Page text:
Jim Greenwood to Chair BIO Ventures for Global Health Board of Directors

BIO Ventures for Global Health (BVGH) announced that Jim Greenwood, President and CEO of the Biotechnology Innovation Organization (BIO) has been elected as the new BVGH Board Chair for a term of three years. BVGH engages global health stakeholders in partnerships to accelerate the development of new drugs, vaccines, and diagnostics that address the unmet medical needs of the developing world.

VRC01 and broadly neutralizing antibodies are increasing options for HIV/AIDS treatments

Proteins like VRC01 are referred to as broadly neutralizing antibodies (bNAbs), a type of broad spectrum antibody which is effective in treating against infections of viruses with high mutation rates, such as HIV as well as influenza. It’s thought that VRC01 and other bNAbs useful in treating HIV-infected patients is capable of identifying the envelope spike of a single HIV viral agent to inhibit or neutralize its effects… Gene editing tools may also be part of the solution that rids HIV/AIDS from the human race for good. The discovery of clustered regularly-interspaced short palindromic repeats (CRISPR) and CRISPR-associated proteins (Cas) has given scientists hope that they’ll be able to efficiently edit genomes with a high degree of precision and flexibility.

Merger of Dow and DuPont set to make huge waves in agriculture, materials and plastics sectors

No one should get too used to seeing the name DowDuPont, however. Company executives plan on splitting DowDuPont into three separate companies, each with a specific industry focus. One will be a $19 billion company focused on the corporation’s combined properties in agricultural products, including fungicides, genetically modified seeds and herbicides. A $13 billion specialty products company will also be spun off to produce electronics materials, Kevlar, Tyvek, food additives and other biological products. The largest of the new companies, however, will be a $51 billion firm with a focus on construction materials, vinyl, packaging plastics and specialized chemicals for the automotive and pharmaceutical industries.

CAFC denies Sequenom en banc petition, Next stop SCOTUS

The law of patent eligibility is created by the nine least qualified people to make such a determination; the Justices of Supreme Court of the United States. The Supreme Court arbitrarily chooses which of its own prior decisions to follow and ignore, refuses to read and enforce the laws passed by Congress even when the statue is but a single sentence (as is 101), and they openly legislates from the bench by creating judicial exceptions to patent eligibility where no such statutory prerogative exists. If the Federal Circuit will not step up and do the right thing and limit the lawless Mayo decision, which instructs lower courts to ignore the patent statute and drive 100% of the analysis into 101, the U.S. will forfeit our lead in the biotechnology and medical device industries. That will be bad for the economy, but far worse for public health.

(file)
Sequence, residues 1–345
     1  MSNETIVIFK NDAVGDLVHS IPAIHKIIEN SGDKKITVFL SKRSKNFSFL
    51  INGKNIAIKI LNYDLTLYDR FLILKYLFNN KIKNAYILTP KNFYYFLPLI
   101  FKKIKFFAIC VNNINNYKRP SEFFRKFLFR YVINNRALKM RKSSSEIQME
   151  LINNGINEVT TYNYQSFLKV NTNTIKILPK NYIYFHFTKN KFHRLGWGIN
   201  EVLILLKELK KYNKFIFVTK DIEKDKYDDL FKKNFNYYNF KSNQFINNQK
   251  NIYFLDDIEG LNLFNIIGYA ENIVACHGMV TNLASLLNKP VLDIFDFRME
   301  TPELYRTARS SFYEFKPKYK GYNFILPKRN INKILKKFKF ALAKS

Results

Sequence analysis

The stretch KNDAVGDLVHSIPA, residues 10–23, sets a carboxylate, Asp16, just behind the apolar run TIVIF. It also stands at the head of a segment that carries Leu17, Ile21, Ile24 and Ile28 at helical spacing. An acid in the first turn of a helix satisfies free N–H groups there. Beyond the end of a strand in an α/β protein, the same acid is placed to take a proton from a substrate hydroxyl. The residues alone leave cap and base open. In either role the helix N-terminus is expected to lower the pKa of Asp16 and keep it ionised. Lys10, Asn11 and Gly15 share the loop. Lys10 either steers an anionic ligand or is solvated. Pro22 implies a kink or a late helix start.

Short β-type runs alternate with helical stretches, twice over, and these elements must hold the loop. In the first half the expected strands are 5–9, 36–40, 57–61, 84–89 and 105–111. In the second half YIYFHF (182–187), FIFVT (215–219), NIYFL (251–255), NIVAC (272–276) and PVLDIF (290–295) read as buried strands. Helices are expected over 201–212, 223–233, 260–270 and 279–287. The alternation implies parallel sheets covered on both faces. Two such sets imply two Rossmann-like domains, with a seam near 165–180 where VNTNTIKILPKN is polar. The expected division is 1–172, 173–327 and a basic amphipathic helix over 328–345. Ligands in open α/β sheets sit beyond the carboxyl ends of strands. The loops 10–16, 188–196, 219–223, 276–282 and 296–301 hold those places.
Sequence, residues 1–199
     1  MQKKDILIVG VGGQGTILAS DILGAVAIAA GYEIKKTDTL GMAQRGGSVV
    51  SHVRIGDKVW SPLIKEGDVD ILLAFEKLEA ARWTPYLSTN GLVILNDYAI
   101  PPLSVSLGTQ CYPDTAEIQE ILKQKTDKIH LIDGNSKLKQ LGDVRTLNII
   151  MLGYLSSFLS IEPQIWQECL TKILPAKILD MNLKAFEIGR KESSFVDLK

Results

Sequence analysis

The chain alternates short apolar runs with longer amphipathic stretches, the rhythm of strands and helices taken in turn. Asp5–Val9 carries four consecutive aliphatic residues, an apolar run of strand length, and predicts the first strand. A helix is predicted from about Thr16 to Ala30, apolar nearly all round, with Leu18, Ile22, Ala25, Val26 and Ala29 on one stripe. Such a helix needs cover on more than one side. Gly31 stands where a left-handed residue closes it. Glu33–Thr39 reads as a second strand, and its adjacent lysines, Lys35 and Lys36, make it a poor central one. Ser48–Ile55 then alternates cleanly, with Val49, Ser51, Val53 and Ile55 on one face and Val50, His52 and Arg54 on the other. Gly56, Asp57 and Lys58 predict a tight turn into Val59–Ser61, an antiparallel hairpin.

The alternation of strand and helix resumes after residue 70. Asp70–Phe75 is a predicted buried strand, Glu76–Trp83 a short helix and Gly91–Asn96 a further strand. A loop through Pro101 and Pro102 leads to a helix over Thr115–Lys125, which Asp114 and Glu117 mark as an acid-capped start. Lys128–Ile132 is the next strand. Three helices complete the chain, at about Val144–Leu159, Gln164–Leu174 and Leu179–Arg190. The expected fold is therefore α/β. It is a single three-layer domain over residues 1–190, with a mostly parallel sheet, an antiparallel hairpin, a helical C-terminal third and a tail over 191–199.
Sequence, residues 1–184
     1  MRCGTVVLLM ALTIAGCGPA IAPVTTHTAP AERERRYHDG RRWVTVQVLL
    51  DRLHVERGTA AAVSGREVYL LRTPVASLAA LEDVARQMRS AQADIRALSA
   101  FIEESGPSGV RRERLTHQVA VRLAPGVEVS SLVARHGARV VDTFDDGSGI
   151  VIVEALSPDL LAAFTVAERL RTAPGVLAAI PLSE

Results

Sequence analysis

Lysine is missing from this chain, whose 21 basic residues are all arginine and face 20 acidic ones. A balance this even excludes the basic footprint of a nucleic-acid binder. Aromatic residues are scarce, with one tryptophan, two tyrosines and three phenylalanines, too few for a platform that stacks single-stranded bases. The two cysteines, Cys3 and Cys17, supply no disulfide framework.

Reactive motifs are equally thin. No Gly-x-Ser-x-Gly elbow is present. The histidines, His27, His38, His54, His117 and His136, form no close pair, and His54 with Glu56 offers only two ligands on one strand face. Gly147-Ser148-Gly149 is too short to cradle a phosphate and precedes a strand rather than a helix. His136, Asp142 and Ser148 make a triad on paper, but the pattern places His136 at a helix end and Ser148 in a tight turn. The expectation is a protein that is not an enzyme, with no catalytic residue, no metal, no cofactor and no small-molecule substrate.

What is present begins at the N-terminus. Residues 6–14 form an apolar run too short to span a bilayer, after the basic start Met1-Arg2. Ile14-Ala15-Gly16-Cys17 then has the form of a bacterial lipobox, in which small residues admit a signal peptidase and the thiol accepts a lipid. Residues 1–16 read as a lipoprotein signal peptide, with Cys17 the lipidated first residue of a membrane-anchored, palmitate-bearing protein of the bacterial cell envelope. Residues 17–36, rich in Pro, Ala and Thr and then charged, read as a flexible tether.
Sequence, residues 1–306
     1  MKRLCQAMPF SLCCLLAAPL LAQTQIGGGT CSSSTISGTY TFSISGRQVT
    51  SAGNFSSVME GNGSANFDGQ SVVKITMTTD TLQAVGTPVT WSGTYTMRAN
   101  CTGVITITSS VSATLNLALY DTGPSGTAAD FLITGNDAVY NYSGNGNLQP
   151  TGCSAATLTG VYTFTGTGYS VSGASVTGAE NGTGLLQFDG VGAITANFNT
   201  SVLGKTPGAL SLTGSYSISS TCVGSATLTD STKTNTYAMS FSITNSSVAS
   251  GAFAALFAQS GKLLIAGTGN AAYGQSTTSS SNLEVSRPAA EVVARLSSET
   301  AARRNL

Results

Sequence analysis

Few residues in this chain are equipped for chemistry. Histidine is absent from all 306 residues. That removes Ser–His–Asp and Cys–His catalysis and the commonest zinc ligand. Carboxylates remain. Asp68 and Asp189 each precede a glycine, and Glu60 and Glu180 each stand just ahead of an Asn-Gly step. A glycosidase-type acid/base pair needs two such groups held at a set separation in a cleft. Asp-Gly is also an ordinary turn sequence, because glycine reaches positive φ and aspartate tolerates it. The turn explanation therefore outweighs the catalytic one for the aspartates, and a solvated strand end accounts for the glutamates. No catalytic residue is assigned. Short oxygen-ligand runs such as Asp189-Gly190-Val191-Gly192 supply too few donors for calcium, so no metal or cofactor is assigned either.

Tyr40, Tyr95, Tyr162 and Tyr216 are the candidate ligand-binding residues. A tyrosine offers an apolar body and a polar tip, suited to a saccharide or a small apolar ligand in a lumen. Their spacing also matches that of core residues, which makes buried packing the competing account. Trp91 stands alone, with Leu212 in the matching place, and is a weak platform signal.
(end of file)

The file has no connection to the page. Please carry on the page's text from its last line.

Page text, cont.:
Distorting Innovation: Fixed Patent Terms and Underinvestment in Long-term Research

Drugs for the treatment of late-stage cancers are less expensive to develop, in part because late-stage drugs extend patients’ lives for a shorter period of time such that clinical trials are concluded more quickly. This means that such drugs require less time to research, develop, test and bring to market than drugs that treat earlier stage cancers, providing the innovator with a longer effective patent life. In essence, less research and development investment is directed toward drugs that treat patient groups requiring lengthy clinical trials, those with longer commercialization lags… It’s worthwhile to ask whether a ‘one-size-fits-all’ patent policy is optimal. How we can think creatively about patent protection in an effort to incentivize the innovation we want and push the frontiers of modern medicine.

Cell metabolism research starts path towards exercise pill, better cancer treatments

Although the American psyche may not always be interested in accomplishing the proper amount of exercise but it still craves the idea of being physically fit. And, as with most things, if there’s a quick shortcut to getting where we want to be, we’re going to try and take it. While some scoff at the idea of an exercise pill, but such an exercise pill could be useful for patients suffering from cardiovascular disease or diabetes for whom exercise is very beneficial but impossible to accomplish. And now the scientific world may be close to discovering chemical compounds useful for mimicking the biological processes stimulated by exercise, much to the delight of couch potatoes everywhere.

IP Protection for Biologics in the TPP: Trading Away Future Treatments and Cures

Globally there are approximately 7,000 medicines in development to treat and cure a wide variety of diseases. Of these, more than 5,000 are in development in the United States. It’s difficult to argue that the strength and success of the U.S. biopharmaceutical industry is uncorrelated with the IP protection available here. It is, therefore, disappointing that the recently negotiated Trans-Pacific Partnership (TPP) Trade Agreement fails to deliver sufficient IP protection for biologics. Much of the continuing controversy plaguing the TPP Agreement surrounds data exclusivity protection for biologic medicines and the future of the agreement may hinge on precisely this issue.